The Wake by Paul Kingsnorth

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The Wake by Paul Kingsnorth

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Category: Historical Fiction
Rating: 3.5/5
Reviewer: Rebecca Foster
Reviewed by Rebecca Foster
Summary: Kingsnorth calls his Booker-longlisted fiction debut 'a post-apocalyptic novel set 1000 years in the past'. Written in the author's own version of Old English, the story traces the English guerrilla resistance movement that followed the Norman Conquest.
Buy? No Borrow? Yes
Pages: 384 Date: March 2014
Publisher: Unbound
External links: Author's website
ISBN: 9781908717863

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Long listed for the Desmond Elliott Prize 2015

Paul Kingsnorth refers to his Booker-longlisted fiction debut, The Wake, as 'a post-apocalyptic novel set 1000 years in the past'. This ambitious story traces the three-year Ely resistance movement that followed the Norman Conquest. The guerrilla fighters were led by a figure named Hereward the Wake – thus the title. The first thing any review must note is the language: set in 1066-8, this historical novel is written in what Kingsnorth calls a 'shadow tongue' or 'pseudo-language', not quite the Old English you encountered reading Chaucer or Beowulf at school, but similar. I would strongly recommend that any diligent reader start by perusing the partial glossary and 'A Note on Language', both appended at the end of the text.

Even so, expect to be more or less lost for the duration – and plan on devoting at least four times the hours that you normally would to a book of this length. With no capitalisation and very sparse punctuation, the book has a repetitive, run-on feel. Like the oral traditions it draws on, it might benefit from being read aloud, which could also help with the phonetic approximation of archaic vowel sounds and adapted consonants (such as f = v; c = k or ch).

The narrator, who, we later learn, calls himself Buccmaster of Holland, opens with a mood of apocalyptic despair: 'so it is when a world ends'; 'all is broc [broken].' He is one of the brave few still patriotically resisting the rule of 'the bastard duc geeyome [William I]'; 'still I will stand and I will tell the triewth,' he declares. After a prologue, he returns to the events of 1066, remembering tales told by his grandfather and ill omens like ravens and visions of blood-red trees. He was a simple Lincolnshire fens farmer back then, married with two sons, until 'that sumor when efrything gan wrong.' News came that the French had castrated King Harald, and men with weapons arrived to call his sons to the fight.

Drawing strength from his grandfather's memory and his belief in pagan gods, Buccmaster sets out on foot with a motley band of five followers 'to tac baec my ground', through brutal violence whenever necessary. He feels that the English must fight for their survival, or else 'our cildren will haf frenc names they will spec frenc words all that we is is bean tacan from us.' This is a struggle not just between two races or ways of life, but also between two belief systems. The Christian clergy seem like a malevolent force, whereas Buccmaster portrays his pre-Christian traditions as natural and good; 'all my lif I has worced to right yfel [evil],' he claims. He also alludes to magical creatures, 'the aelfs and the dweorgs [dwarves] and ents', which for many will call up images from Tolkien's The Lord of the Rings.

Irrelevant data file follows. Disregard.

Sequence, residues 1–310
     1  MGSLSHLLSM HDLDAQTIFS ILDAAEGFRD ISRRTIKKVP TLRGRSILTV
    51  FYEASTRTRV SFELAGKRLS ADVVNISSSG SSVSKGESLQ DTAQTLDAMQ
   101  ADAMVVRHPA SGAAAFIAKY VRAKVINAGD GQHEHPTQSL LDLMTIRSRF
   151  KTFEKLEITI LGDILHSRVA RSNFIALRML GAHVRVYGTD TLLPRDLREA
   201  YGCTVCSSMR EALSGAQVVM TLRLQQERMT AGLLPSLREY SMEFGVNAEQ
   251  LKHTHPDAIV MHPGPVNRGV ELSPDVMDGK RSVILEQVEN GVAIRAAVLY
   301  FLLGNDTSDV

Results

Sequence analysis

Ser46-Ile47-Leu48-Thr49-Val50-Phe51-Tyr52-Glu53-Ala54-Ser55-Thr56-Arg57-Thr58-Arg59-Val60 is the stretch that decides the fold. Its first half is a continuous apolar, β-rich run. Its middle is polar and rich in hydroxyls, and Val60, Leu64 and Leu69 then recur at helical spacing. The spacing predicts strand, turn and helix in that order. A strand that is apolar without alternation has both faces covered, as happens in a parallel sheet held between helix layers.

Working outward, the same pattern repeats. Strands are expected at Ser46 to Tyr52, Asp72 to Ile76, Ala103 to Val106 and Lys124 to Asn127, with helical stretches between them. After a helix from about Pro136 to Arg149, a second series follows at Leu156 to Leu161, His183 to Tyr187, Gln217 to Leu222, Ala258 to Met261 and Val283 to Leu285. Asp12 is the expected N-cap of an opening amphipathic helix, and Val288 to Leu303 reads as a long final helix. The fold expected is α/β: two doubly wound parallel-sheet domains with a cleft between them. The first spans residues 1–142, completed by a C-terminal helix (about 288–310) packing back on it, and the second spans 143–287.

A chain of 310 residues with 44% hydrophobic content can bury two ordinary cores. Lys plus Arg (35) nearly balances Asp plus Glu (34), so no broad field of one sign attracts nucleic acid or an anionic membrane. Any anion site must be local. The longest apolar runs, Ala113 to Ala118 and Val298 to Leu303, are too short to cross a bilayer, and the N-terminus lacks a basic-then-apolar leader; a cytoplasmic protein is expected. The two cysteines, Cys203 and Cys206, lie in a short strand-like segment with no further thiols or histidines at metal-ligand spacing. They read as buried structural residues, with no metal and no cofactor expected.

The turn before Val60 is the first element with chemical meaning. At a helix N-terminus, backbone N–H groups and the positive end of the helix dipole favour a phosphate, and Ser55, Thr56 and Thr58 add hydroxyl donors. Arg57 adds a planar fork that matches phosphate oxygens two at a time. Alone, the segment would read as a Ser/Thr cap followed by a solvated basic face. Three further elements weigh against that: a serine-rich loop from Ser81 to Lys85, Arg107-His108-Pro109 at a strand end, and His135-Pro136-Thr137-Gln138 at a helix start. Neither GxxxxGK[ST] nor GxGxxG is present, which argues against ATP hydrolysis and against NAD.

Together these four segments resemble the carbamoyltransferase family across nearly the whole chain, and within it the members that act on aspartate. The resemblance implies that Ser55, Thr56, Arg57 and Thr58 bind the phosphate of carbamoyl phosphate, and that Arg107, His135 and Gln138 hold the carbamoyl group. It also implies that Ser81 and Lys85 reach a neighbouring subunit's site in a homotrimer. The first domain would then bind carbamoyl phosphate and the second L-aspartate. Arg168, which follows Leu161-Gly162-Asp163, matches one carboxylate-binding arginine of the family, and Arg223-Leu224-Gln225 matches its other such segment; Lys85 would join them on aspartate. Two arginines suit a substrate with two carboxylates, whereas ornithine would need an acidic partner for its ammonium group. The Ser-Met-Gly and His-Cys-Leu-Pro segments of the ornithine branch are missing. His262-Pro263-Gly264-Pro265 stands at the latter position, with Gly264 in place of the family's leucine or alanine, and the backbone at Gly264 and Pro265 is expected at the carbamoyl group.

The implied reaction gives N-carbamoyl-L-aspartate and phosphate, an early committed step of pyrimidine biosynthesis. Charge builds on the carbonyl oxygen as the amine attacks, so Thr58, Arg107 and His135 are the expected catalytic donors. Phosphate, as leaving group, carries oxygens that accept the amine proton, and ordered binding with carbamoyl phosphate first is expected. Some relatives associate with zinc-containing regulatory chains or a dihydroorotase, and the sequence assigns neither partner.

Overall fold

For me, the mythological material is the most interesting, including references to 'grene men'. It is also intriguing to spot how early certain curse words entered the language: 'there will be fuccan blud', as Buccmaster eerily forecasts. Yet I struggled with even a very basic understanding of the plot and characters; I had to keep reminding myself who people were, when they had first appeared, what year it was and what was happening. The repetitive nature of Buccmaster's laments does not help in this respect. This novel is hard work, requiring patience and effort from any reader; for some, that will be enough to put them off. Prior experience of or interest in Old English chronicles would certainly be an advantage.

Another fact worth mentioning is that The Wake is the result of crowd-funding via Unbound – perhaps the first Man Booker Prize nominee to arise from non-traditional publishing. So, for its publication journey as well as its linguistic ambition, this was always going to be a stand-out novel. However, for me it was more an interesting experiment than a readable book. Indeed, in an interview on the Man Booker Prize website, Kingsnorth admits that he did not give much thought to his book's readability: 'Did I worry that readers would struggle? In all honesty, I barely thought about readers at all. I don't think writers should have readers in mind as they're doing their work.' I would not want to suggest that authors should pander to their readers' tastes, but there is also such a thing as being wilfully opaque.

Kingsnorth is developing this book into a loose trilogy covering 2000 years of mythical English history. The second volume, he assures readers, is set in the present day and written in modern English. Now that I can get on board with.

Further reading suggestion: Harvest by Jim Crace is another Booker-nominated apocalyptic tale of the English countryside. Ulverton by Adam Thorpe, set over multiple time periods, mimics the language of each era represented. Beowulf by Michael Morpurgo is a modern retelling of the Middle Ages classic, aimed at children or teens.

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